A lot of this is new information, thanks.

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Posted (edited)

I thought that the article suffered from a lack of graduate student perspectives. We got some brief comments from a grad student, but the article did not give enough specific examples of how the department had failed to provide support and resources. The piece was more concerned with reporting the responses of established professors than with describing the department's culture and its systemic problems.

Edited by Wimsey

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Posted (edited)
13 hours ago, Crusteater said:

Yeah sorry about that. Try opening from here instead?: https://mobile.twitter.com/emmajanepettit/status/1164295830796406784?s=21

This works. Your first link had the paywall.

I can only speak from the perspective of a prospective student. Even knowing the issues with the job market (barely because I just believe that you won't truly know until you're in it), I would still be willing to pursue the PhD because I am interested in continuing my research, a sentiment that I think is shared by many prospective students. I agree with Wimsey that we don't get a lot of student perspectives in this article, which I would have liked to see. 

Based on the article, I think the action taken by Columbia so far is commendable, but is it enough? So many professors offer their sympathy, but not all are willing to offer action and solidarity, and that's a big difference. Theory is fine for literature, but for real life students who are being affected, we need more than your theorizing and your "we seriously need to think about these things" spiels. What steps are you taking and what actionable ideas, if any, are you coming up with to mitigate this problem?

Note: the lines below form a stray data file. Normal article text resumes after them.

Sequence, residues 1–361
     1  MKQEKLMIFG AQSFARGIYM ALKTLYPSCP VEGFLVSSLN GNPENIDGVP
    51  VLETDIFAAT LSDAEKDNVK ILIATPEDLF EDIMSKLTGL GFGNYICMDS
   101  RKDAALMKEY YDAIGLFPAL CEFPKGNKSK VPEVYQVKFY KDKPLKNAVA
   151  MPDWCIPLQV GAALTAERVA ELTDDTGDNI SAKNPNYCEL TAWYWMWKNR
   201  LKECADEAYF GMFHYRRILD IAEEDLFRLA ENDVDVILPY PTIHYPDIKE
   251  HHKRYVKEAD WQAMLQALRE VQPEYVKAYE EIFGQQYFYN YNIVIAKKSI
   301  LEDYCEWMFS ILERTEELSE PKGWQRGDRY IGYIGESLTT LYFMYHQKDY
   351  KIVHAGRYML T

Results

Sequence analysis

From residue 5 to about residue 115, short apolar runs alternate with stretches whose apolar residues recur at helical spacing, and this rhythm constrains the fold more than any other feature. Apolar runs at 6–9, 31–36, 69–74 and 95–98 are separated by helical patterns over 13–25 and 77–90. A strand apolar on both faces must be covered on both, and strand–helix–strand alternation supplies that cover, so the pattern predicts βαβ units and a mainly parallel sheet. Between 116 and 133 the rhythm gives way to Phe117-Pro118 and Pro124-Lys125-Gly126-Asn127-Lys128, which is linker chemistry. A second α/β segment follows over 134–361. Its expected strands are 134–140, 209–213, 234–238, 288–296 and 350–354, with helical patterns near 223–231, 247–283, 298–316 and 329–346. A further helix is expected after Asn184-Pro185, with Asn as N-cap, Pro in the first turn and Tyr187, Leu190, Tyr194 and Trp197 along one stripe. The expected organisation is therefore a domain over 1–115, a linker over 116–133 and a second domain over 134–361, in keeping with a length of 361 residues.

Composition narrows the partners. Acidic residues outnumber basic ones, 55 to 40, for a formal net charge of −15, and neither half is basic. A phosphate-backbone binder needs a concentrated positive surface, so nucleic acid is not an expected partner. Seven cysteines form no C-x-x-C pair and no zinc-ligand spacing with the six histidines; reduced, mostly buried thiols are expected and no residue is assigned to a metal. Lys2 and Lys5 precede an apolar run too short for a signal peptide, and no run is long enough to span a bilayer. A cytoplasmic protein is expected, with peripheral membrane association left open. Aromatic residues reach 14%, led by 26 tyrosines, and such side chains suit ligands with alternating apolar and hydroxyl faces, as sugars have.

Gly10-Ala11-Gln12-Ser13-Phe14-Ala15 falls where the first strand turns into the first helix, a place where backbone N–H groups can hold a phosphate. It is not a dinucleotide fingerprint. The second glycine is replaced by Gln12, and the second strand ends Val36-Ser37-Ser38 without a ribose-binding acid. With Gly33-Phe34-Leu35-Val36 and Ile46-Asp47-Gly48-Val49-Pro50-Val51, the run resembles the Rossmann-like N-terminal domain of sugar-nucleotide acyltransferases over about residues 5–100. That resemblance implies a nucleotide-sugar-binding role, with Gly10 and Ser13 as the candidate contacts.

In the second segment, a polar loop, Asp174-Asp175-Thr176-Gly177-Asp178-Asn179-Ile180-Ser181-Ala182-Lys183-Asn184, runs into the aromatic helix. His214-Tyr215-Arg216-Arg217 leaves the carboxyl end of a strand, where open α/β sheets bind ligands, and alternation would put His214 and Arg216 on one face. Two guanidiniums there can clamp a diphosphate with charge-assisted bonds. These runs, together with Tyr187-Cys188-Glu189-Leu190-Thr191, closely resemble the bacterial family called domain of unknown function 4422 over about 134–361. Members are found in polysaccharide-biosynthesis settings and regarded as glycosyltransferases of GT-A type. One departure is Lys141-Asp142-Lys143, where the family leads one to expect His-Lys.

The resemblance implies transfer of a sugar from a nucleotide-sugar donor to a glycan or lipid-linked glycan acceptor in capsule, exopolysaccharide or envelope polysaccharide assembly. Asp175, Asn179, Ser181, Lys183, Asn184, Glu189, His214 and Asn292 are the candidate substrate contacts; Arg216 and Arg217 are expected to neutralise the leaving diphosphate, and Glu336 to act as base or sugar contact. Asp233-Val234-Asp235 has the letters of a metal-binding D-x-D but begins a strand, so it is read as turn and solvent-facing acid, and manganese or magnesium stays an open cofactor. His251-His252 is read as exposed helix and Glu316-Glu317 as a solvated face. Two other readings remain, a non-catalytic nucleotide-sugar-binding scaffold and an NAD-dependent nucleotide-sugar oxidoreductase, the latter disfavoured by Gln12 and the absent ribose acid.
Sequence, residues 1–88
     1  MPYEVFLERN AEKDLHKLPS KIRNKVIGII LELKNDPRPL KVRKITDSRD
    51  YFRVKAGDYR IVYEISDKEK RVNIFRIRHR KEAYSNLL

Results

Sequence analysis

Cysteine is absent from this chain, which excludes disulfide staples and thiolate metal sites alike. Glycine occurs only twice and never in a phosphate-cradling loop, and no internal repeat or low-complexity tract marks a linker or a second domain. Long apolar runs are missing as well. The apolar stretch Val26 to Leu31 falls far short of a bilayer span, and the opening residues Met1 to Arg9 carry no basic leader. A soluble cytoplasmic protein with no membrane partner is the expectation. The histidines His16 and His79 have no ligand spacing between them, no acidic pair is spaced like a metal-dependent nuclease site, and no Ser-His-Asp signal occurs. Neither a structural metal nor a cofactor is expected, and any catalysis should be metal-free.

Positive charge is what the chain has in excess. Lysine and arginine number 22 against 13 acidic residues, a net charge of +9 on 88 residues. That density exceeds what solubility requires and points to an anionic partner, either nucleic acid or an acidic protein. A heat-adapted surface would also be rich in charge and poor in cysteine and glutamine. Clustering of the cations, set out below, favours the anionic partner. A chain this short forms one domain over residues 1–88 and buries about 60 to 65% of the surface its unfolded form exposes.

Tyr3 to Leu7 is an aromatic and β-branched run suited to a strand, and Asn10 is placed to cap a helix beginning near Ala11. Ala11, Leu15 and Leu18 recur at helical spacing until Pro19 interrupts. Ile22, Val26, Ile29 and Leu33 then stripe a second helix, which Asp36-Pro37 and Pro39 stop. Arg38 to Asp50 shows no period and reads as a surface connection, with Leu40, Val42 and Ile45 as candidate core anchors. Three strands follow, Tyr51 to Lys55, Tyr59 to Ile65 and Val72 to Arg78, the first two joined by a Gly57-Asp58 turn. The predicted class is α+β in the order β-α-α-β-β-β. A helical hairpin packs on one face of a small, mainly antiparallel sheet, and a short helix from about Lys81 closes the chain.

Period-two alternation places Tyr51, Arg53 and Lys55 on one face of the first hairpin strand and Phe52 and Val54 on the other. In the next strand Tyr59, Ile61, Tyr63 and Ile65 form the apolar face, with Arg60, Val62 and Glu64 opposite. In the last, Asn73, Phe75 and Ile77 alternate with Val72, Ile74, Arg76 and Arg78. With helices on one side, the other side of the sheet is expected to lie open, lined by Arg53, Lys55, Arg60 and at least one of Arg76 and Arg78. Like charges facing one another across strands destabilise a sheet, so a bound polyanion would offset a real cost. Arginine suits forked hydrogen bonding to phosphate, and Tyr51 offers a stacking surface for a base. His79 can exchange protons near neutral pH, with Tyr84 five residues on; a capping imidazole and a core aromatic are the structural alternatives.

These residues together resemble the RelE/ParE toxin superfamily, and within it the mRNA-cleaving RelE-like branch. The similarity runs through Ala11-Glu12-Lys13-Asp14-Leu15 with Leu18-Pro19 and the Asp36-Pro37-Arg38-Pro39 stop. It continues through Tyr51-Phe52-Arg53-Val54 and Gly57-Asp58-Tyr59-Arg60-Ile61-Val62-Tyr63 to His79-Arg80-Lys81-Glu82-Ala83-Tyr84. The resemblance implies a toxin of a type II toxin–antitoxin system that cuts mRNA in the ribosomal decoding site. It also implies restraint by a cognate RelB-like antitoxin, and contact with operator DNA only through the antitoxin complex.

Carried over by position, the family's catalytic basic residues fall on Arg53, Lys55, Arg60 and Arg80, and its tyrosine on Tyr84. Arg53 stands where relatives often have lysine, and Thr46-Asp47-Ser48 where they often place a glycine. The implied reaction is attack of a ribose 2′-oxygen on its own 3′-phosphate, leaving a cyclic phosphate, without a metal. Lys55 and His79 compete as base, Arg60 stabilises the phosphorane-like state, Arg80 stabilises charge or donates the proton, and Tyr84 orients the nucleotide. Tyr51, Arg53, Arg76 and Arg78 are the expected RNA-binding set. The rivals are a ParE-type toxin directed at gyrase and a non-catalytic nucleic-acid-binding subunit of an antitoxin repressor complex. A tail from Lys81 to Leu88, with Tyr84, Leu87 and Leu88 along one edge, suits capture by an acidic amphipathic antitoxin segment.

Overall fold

Most importantly, are you transparent about the issue from the get-go? I feel like a lot of schools manipulate their data to be favorable in terms of outlining career outcomes. This just glazes over the problem and does not accurately depict the issue to prospective students. 

Edited by Cryss

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Posted (edited)

First of all, I wasn't really surprised by anything in this article. If this comes as a shock, then you probably aren't paying enough attention.

 

2 hours ago, Cryss said:

Based on the article, I think the action taken by Columbia so far is commendable, but is it enough?

If by 'commendable' you mean 'deserving praise' then I don't think that a graduate program doing a minimal amount of work to support their graduate students should count as commendable so much as the bare minimum for qualifying as a ethically responsible program (which is not to deny that many programs fail to meet this bar).

I'm not as familiar with Kramnick and Cassuto as @wordstew is, but this point by Cassuto strikes me as a bullshit excuse for not doing anything:

"But limiting enrollment can present its own problems, said Leonard Cassuto, a professor of English at Fordham University who writes about graduate education for The Chronicle’s Advice section. If colleges trained only enough graduate students to replace retiring faculty members, you’d lose out on all kinds of racial, socioeconomic, and intellectual diversity, he said, and “I don’t think anybody wants that.” "

First, he seems to assume that minorities and individuals from lower socioeconomic backgrounds are weaker applicants, who would not be accepted were programs to accept fewer students. Furthermore, it suggests that even if that were the case, departments wouldn't or couldn't do anything to correct for these concerns. I'm not really sure why we should accept either of these concerns. (This isn't to deny that discrimination occurs in the admissions process. I just doubt that reducing the number of admitted students would necessarily make that situation any worse). I think the refusal to take seriously the idea that cohort sizes need to be reduced in the humanities is either naivete or willful blindness and both are irresponsible. Likewise, the failure of programs to provide complete placement information on their websites is dishonest, deceptive, and unacceptable (but also very common). Any program that doesn't (minimally) address these two issues is responsible to perpetuating this system.

Edited by Glasperlenspieler

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Posted (edited)
1 hour ago, Glasperlenspieler said:

If by 'commendable' you mean 'deserving praise' then I don't think that a graduate program doing a minimal amount of work to support their graduate students should count as commendable so much as the bare minimum for qualifying as a ethically responsible program (which is not to deny that many programs fail to meet this bar).